There was not too much diversity between the experts with respect to the front foot value of the Western Avenue frontage. They relied primarily on sales adjacent to the claimant's Western Avenue frontage. One occurring December 13, 1961 involved a corner property, which was quite deep. The selling price of such parcel indicated a value of $378 per front foot. We regard this tract as somewhat superior to the claimant's Western Avenue property, particularly because of the corner influence. The other three sales took place on February 26, 1957, May 15, 1958, and August 30, 1960, respectively. The selling price of each indicated a front foot value of $250.00. These sales involved property which we regard as somewhat inferior to that of the claimant, because of size or restrictions. However, we have considered such sales in arriving at our determination, giving weight to them based upon their similarity to the subject property, and on the proximity of their occurrence to the date of the subject appropriation.

The frontage in the Town of Guilderland was, at the time of the appropriation, zoned residential. All parties agree that there is no question but that the probabilities for a zoning change to commercial were excellent at the time of the appropriation, and we therefore have added a considerable increment to the value of the residential frontage, based upon the probability of the rezoning. But, no matter how probable a change may seem, an element of uncertainty remains and it has its impact upon the selling price. Masten v. State, 11 A.D.2d 370, 206 N.Y.S.2d 672, affd. 9 N.Y.2d 796, 215 N.Y.S.2d 508, 175 N.E.2d 166, and, therefore, we have placed a somewhat lower valuation upon the frontage in the Town of Guilderland.

We find that the value of the entire Western Avenue frontage at the time of the appropriation was $165,625.00.

We find that at the time of the appropriation the claimant had 2294 feet of frontage on Washington Avenue to a depth of 490 feet at its east end and to a depth of approximately 290 feet on the west end, with an average depth of approximately 400 feet, available for development for commercial uses providing the zoning thereof could be changed from residential to commercial. In addition to the rezoning, in order to utilize this frontage, a relocation of several holes of the golf course would be necessary.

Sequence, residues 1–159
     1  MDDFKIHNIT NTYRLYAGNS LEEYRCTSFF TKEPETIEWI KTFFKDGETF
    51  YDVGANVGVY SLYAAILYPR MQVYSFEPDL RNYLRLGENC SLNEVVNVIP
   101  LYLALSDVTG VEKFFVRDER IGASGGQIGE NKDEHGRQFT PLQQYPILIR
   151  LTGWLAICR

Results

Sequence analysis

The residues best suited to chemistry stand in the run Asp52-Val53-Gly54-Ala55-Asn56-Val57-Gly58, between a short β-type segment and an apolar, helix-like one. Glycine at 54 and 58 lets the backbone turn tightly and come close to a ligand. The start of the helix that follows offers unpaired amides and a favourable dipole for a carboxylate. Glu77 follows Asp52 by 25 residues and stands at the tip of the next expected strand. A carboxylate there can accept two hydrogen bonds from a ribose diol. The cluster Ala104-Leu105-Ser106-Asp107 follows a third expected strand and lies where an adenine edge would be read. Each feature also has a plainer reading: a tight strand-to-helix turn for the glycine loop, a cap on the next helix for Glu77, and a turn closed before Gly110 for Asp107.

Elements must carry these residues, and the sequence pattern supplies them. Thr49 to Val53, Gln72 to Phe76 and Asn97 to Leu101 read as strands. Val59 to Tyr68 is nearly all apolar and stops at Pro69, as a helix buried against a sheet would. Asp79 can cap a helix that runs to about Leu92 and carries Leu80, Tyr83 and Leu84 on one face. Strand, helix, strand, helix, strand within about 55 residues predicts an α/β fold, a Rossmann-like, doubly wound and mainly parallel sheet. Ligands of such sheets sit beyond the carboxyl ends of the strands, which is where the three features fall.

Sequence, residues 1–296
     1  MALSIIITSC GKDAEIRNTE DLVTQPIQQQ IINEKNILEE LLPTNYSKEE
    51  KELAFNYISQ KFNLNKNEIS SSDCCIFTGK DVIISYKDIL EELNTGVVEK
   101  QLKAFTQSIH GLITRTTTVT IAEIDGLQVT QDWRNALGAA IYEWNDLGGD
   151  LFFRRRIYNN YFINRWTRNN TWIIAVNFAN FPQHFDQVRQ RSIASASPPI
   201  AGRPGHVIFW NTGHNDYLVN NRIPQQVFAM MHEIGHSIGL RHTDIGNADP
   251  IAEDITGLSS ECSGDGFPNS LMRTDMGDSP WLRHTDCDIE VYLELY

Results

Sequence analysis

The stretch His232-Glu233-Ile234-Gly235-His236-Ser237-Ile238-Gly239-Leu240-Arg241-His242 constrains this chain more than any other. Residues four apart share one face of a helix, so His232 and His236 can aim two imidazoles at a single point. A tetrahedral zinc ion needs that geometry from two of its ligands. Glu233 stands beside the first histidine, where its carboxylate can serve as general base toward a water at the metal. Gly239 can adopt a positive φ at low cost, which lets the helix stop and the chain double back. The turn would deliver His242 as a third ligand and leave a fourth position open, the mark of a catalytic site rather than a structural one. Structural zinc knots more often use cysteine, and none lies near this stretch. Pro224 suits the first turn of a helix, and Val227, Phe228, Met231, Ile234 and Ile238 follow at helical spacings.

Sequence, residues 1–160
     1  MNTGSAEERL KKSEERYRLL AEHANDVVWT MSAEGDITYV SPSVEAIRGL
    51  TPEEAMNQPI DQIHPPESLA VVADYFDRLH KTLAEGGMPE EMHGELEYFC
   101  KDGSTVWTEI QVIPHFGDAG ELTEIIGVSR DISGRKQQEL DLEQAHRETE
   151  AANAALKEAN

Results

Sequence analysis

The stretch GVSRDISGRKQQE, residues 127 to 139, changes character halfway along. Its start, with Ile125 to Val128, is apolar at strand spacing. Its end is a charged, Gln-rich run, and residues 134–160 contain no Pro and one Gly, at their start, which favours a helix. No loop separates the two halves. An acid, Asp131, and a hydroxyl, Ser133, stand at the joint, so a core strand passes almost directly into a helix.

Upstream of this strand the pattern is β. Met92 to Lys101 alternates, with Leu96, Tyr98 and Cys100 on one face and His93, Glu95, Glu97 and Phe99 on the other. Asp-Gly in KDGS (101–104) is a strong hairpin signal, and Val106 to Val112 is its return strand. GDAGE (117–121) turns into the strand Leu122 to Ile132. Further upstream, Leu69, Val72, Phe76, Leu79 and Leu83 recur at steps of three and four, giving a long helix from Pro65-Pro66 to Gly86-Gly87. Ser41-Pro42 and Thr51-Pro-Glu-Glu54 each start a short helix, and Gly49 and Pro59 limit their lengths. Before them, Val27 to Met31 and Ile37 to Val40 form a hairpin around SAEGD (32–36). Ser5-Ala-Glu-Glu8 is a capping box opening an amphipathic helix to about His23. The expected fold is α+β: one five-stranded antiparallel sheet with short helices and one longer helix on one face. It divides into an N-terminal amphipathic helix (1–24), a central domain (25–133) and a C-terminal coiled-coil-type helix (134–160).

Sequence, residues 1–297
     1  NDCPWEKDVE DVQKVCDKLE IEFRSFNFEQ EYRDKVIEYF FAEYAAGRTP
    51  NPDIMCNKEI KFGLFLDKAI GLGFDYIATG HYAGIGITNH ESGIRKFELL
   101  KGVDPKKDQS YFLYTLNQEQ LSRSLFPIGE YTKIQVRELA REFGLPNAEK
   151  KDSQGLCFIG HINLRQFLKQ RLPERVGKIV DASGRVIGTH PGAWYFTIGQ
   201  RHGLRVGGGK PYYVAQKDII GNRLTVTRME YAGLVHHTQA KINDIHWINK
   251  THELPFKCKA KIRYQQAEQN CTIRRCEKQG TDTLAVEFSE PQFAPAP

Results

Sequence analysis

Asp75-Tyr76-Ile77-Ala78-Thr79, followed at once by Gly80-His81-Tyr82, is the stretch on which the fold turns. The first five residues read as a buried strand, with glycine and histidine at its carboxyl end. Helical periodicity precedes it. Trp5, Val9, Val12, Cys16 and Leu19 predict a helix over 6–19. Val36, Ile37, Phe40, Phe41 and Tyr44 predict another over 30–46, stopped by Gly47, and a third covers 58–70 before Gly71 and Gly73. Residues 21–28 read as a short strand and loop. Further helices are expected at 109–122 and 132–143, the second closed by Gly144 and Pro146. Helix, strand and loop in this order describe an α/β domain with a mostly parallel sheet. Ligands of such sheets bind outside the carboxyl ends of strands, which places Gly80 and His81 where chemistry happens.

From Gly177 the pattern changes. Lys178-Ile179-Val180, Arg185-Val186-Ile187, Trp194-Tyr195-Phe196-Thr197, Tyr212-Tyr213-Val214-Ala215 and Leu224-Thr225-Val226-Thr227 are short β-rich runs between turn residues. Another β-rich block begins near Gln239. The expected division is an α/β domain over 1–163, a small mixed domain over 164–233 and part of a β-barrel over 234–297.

We accept the claimant's plan for relocating three holes for we find such plan was the more practical one, and provided for greater depth for the Washington Avenue frontage, and utilization of surplus acreage in such area. We also accept the claimant's estimate of cost of doing the work involved in the amount of $53,952.50 since it covers the plan we adopt and in addition thereto was more definite and specific than the State's estimate of relocating two holes. The amount of such estimate, of course, must be deducted from the value we place upon this particular tract of land. At the time of the appropriation Washington Avenue was one of the principal means of access from the City of Albany to the western entrances of the Thruway and the Northway. It is unquestioned that by reason of its location the Washington Avenue frontage constituted a very valuable piece of property for commercial development, providing it could be rezoned to allow such use.

The claimant's experts in their appraisals of the Washington Avenue frontage relied primarily on a lease of the Thruway Motel site located on the north side of Washington Avenue adjacent to the subject property. This lease indicated a front foot value for commercial land in excess of $500 a front foot. However, while we have given considerable...